Teacher's lawsuit says public Florence High School is promoting Christianity to students

Teacher complained & was moved to other school

FLORENCE, Colo. - Scripture on the projection screen, signs out front promoting Sunday church services and prayer circles around the flag pole. All things you might expect to see at church. But this isn't a church, it's a public high school.

"The administration is essentially running a public school as a Christian school," said employment attorney Paul Maxon.

Maxon is the attorney representing a Jewish teacher, Robert Basevitz, who has filed a lawsuit against Fremont RE-2 School District for religious discrimination. The also suit names as defendants, Superintendent Rhonda Vendetti and Florence High School Principal Brian Schipper, both as individuals and district administrators.

 

"On a single day last year, there were no fewer than five Evangelical activities sponsored by the school," Maxon said.

According to the lawsuit filed in Denver federal court Tuesday, the school system is violating the First Amendment to the Constitution which prohibits government establishment of religion.

The suit alleges clear civil rights violations and says the school has a pervasive culture of using state education funding to promote Christianity over all other religions.

"Is Florence High School acting more like a religious institution?" asked 7NEWS reporter Russell Haythorn.

"I think it is -- when the principal is participating in assemblies that pass out bibles to students, it sends a message to the faculty and to the students that there's an official religion at the school," Maxon said.

Florence High School principal Brian Schipper couldn't disagree more.

"We're a school. We educate kids," said Schipper. "We educate kids in every academic area and social area and life area. Religion's not in our curriculum anywhere."

But Maxon argues it is. The lawsuit alleges there are regular Christian meetings during lunch inside the school, which students have nicknamed "Jesus Pizza."

"The fact that there's a humorous nickname doesn't mean it's not serious," said Maxon. "It's a serious matter when the Bill of Rights is violated. Some cases have gray areas about what's illegal and not illegal. This case doesn't have much of that."

Cowboy Church at Crossroads has held Sunday church services in the school cafeteria since at least 2012, the church website says. The principal defends this practice, noting that the church pays rent to the school district.

According the lawsuit, Cowboy Church's pastor, Randy Pfaff, has the run of the school, using the public address system to "preach his evangelical Christian messages."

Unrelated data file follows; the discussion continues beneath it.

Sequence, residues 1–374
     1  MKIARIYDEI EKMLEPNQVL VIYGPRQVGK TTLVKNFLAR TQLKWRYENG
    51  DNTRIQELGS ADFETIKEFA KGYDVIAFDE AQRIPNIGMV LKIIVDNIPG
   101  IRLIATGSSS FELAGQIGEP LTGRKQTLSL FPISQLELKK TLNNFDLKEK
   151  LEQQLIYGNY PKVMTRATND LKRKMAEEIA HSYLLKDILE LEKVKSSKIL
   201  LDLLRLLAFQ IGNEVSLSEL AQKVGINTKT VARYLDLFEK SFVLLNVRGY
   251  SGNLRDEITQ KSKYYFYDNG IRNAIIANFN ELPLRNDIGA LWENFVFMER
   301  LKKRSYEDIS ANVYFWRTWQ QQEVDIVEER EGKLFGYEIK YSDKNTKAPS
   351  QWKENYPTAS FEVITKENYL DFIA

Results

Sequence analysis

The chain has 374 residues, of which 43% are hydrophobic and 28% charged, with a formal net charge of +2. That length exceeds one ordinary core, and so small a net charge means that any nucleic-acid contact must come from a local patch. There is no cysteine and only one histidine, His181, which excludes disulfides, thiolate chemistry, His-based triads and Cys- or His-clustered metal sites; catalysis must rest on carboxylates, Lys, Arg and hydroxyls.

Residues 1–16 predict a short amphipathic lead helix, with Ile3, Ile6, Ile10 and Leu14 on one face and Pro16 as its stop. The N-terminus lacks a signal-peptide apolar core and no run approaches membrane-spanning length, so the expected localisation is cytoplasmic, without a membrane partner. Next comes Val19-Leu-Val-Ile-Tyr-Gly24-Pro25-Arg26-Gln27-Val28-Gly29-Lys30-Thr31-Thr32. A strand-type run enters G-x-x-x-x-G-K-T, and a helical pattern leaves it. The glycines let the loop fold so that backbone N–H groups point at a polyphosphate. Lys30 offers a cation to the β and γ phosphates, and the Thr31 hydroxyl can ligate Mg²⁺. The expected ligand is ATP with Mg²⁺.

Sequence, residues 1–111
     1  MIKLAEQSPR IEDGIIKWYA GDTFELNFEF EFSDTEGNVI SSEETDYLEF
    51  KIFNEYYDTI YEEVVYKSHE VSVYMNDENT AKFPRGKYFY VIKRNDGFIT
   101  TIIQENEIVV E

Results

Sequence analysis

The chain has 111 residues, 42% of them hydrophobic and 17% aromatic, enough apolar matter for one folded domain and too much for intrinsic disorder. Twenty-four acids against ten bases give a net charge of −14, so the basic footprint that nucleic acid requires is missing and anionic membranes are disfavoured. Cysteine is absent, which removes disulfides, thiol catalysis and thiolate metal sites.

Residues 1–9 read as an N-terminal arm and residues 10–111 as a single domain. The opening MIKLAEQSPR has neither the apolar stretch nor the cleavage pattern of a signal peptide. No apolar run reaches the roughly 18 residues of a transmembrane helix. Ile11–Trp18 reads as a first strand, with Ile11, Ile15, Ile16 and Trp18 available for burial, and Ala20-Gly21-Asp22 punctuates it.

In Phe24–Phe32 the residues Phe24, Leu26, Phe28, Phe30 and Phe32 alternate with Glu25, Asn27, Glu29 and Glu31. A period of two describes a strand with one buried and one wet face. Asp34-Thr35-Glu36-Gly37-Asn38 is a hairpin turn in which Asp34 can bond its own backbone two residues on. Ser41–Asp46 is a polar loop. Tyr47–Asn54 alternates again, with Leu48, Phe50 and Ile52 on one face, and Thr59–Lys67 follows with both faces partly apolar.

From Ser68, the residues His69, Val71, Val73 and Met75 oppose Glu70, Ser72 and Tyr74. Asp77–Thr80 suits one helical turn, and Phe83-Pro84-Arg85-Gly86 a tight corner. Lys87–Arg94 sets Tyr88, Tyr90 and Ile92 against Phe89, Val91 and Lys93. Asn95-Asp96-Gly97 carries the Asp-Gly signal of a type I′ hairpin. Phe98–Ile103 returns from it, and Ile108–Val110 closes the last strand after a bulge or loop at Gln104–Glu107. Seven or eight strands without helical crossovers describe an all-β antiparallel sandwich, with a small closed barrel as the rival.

"With the support of the school's staff, including Principal Schipper, Pastor Pfaff and the Church distribute" flyers throughout the school that promote prayer meetings and other Christian events during school hours, the lawsuit states.

According to the lawsuit, Pastor Pfaff says the "mission work" of the church is The Fellowship of Christian Huskies, a Florence High student group he founded in 2011. The Fellowship describes itself as a "religious organization" that aims to "let God back in our schools" and to "[bring] others to a saving knowledge of Jesus."

The Fellowship's adult sponsors include Principal Schipper and five high school staff members, the lawsuit says.

Schipper says any student organization is allowed to meet on campus for anything, including morning prayer and lunchtime bible studies.

"During the morning prayer they just stand there and kids come over, kids go by, they say, 'Good morning' to kids,'" Schipper said. "It doesn't get in the way of anybody getting into school. They make a point to stay out of the way of everybody, actually."

Basevitz eventually spoke up.

Last December, he met with Principal Schipper and Superintendent Vendetti to formally complain about "the Church's ubiquitous presence at Florence High School."

The administrators told the school's only Jewish employee that when the church was holding prayer ceremonies outside the school's front door, he could enter and exit the school through side doors.

"In an apparent attempt to ostracize [Basevitz], Defendants informed staff and students of Mr. Basevitz’s complaint and his Jewish heritage," the lawsuit states. "On January 9, 2015, [Basevitz] overheard a student saying, "we can't do Jesus Pizza because Mr. B. is Jewish."

"Shortly thereafter, Pastor Pfaff posted on the Fellowship of Christian Huskies Facebook page, "The enemy always fights the hardest when he knows God has something great in store,"  the lawsuit states.

"When he complained about these activities, which are clearly illegal, he was shown the door, and transferred to a different school," Maxon said.

The principal remains firm -- all beliefs are welcome here.

"We're preparing kids to be good, productive people when they walk out of here. We do great things every day," he said.

 

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